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31A last won the day on January 15 2011

31A had the most liked content!

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  1. For what it's worth I've more or less standardised on a method, applying the glue after laying the ballast. Using Woodland Scenics finest grade ballast I spread it along the line using my thumb and a soft brush. Not putting too much on; using Peco Bull Head track, I'm trying to keep the ballast top below the bottom of the rail so that you can see daylight beneath the rail; and I want to keep it off the sleeper tops. I use the soft brush to sweep the edge to make a neat cess and six foot. One tip I read somewhere was to tap the rails after you've spread the ballast, so I do this by tapping the head of the rail with a teaspoon and you can see the grains dropping clear of the rail, and settling into the bays. Then I drop Woodland Scenics Scenic Cement from a pipette; no pre-wetting, diluting or washing up liquid required. I try to put one drop in each bay (in the four foot) of the stretch I'm ballasting, Then add one drop per bay between the sleeper ends; these tend to meet up with the first drops in the four foot, and spread out towards the ballast edge. I then go back and add more drops until the track is virtually swimming as Clive says, and again as Clive says then go to bed in order to resist the temptation to go and prod at it before it's dry. That's usually all there is too it; once you get used to it, it's quicker than I've made it sound. In the morning maybe one or two grains to ping off the sleepers but usually hardly any. The other day I managed to get the glue to run underneath the moving tie bar of a set of Peco bull head points. I washed the area with clean water to dilute the glue, and put some clock oil on the moving part (nearest oil to hand) in the hope it would stop the glue from sticking to it. Kept going back and moving the points until I eventually did go to bed. In the morning to my relief all was fine! Not sure whether the oil had helped or not. Hope that helps, but I realise I've only got a few feet to do!
  2. Why was it going to Shepreth? I didn't know they worked on that line?
  3. A Meccano rod is a tight push fit, but I glued mine in with Araldite for good measure as I didn't want it coming loose and upsetting the indexing.
  4. A lot of large towns were left without railways, so a lot of valid contenders, but for me it has to be the Cambridge-Oxford line. OK the middle part never closed, and work is being carried out to reopen the rest, but sadly for me not on the original formation between Cambridge and Bedford. Under the Beeching plans it was supposed to be developed as a strategic route!
  5. This sounds like a cunning plan; looking forward to watching your progress with this!
  6. Thanks for this - an interesting topic! Were some of the Merit range originally die cast? I've got a coal man that looks very much like your 5029 (drawing) in metal. The man who came with the telephone box (5006) in a modern setting looks like someone on a mobile phone (well maybe an early 'brick' size mobile phone) ! I've long been a fan of the Hornby Dublo plastic figures; a pity these seem to have sunk without trace and from some Googling a while ago it seems they may have been made for Hornby by the people who made Subbuteo football figures?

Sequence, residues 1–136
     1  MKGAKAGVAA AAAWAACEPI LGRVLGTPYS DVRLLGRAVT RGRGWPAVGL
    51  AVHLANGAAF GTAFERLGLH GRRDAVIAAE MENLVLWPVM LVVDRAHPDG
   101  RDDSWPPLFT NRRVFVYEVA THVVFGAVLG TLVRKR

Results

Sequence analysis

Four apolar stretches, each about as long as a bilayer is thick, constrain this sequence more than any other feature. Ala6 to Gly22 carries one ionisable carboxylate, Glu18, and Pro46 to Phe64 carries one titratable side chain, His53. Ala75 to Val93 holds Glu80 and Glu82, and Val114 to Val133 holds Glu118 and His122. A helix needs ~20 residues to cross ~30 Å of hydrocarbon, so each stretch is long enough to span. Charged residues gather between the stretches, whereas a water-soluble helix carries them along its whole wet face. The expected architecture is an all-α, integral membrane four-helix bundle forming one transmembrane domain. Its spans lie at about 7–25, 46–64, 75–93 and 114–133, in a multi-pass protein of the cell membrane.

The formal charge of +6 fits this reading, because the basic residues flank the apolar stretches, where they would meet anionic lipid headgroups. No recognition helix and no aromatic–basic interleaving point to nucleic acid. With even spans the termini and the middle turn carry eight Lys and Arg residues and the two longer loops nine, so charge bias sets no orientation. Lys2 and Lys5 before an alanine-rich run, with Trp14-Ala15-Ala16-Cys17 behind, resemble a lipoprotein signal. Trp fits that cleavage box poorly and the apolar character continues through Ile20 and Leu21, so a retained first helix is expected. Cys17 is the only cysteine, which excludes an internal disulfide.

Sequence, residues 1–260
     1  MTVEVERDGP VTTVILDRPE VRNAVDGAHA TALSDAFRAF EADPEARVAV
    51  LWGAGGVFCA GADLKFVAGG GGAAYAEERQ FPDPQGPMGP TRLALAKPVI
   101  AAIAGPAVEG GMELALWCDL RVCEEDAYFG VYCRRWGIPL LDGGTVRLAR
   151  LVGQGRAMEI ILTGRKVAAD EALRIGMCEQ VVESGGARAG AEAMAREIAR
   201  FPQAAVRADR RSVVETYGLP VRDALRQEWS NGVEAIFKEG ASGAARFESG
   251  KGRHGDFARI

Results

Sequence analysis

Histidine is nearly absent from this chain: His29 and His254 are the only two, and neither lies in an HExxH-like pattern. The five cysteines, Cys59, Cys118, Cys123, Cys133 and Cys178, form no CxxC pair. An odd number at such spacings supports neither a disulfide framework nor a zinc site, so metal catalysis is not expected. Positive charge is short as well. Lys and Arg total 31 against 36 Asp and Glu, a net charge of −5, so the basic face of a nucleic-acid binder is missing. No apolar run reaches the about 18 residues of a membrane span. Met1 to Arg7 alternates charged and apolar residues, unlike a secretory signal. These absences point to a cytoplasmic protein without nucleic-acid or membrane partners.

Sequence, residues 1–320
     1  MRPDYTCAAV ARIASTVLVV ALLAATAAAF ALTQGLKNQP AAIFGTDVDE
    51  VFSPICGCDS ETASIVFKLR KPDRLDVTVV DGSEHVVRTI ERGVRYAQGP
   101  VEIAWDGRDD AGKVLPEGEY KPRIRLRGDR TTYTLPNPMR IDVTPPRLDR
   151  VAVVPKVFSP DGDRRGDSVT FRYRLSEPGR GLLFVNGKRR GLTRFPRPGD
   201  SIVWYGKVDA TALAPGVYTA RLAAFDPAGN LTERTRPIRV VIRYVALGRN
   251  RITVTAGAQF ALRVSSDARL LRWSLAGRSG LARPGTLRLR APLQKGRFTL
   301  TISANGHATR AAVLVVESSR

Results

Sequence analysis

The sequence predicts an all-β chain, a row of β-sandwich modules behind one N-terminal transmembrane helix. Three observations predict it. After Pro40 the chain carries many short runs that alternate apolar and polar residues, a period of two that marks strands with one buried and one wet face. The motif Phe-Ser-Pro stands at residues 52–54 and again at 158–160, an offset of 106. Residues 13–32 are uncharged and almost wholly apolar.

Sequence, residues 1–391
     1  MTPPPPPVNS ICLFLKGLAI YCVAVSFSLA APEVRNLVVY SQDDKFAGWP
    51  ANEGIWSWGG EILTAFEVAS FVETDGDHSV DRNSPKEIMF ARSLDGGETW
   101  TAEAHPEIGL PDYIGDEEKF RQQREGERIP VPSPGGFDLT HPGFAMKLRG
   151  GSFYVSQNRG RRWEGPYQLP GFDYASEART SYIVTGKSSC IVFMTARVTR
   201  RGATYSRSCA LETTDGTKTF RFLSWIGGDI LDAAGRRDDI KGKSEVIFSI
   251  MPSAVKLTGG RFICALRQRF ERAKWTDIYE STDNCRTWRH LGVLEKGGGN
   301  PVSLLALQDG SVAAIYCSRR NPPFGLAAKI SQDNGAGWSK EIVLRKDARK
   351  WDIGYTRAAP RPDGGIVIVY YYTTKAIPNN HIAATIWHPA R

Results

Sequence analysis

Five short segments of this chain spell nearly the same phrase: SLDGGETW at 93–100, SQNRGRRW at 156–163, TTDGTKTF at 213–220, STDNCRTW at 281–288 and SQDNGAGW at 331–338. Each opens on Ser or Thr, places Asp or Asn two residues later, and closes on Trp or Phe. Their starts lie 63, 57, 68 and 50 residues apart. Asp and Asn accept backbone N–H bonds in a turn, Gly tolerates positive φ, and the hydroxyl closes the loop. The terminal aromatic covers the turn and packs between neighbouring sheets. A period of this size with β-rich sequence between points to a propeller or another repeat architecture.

7. Best all round mainline diesel - Brush 4.
  8. Thought it looked like a work in progress peeking out of the goods shed on the left!
  9. Have you been making Parkside wagon kits?
  10. Thank you Adam, very kind of you to say so! Hopefully I'll have a few more pics to put up before long ....
  11. Thanks for confirming; that's a pity, the 1.5mm size was just about right, although in reality even they're slightly on the large size - I've checked and the real signal box nameboards had 4".
  12. Thank you, Tony, that does look very good. The colour of the barge boards had me pondering for quite a while I must admit. There doesn't seem to have been any hard and fast rule for it, but looking at photographs I came to the opinion that cream was more usual, although photographs of the box mine is most closely based on (Belle Isle Up, e.g. Book of the Great Northern Vol. 1) seem to show that it had green ones. I made the decision to paint them cream more or less on the hoof, as I thought there was enough green paint on the building already! Especially with the solid balcony rails at the top of the stairs. It isn't an exact copy of that box, after all. I usually use Humbrol no. 76 for the green colour on buildings which I think is quite close for new paint, but this time I thought I'd try and depict something a bit older so I've mixed the green 50:50 with Humbrol 28 (the palest grey I have); I'm not sure it's really achieved the result I was after! Without wanting to raise another can of worms, building painting colours can be a minefield. For example in the book "Sixties Spotting Days around the Eastern Region" (Kevin Derrick, Strathwood) there is a picture on p77 dated 1962 of Peterborough's North Box (as per Gilbert's layout) looking quite grubby and painted like mine; i.e. cream including the barge boards, with the framing picked out in the usual ER palish bluish greyish green, which is what I've tried to depict. On the following page there's a picture of the same box dated April 1965 in which it has clearly been repainted, mainly in white (including the framing) but with a darker green for the doors, staircase and barge boards.
  13. Thank you, that's very kind. Interesting that you've had to resort to eBay. The ones I've got the remains of are labelled 1.5mm (and seem to be that size when measured), but the smallest ones listed currently seem to be 2mm; are they different? The real letters on GNR signal box nameboards were about 4" I think.
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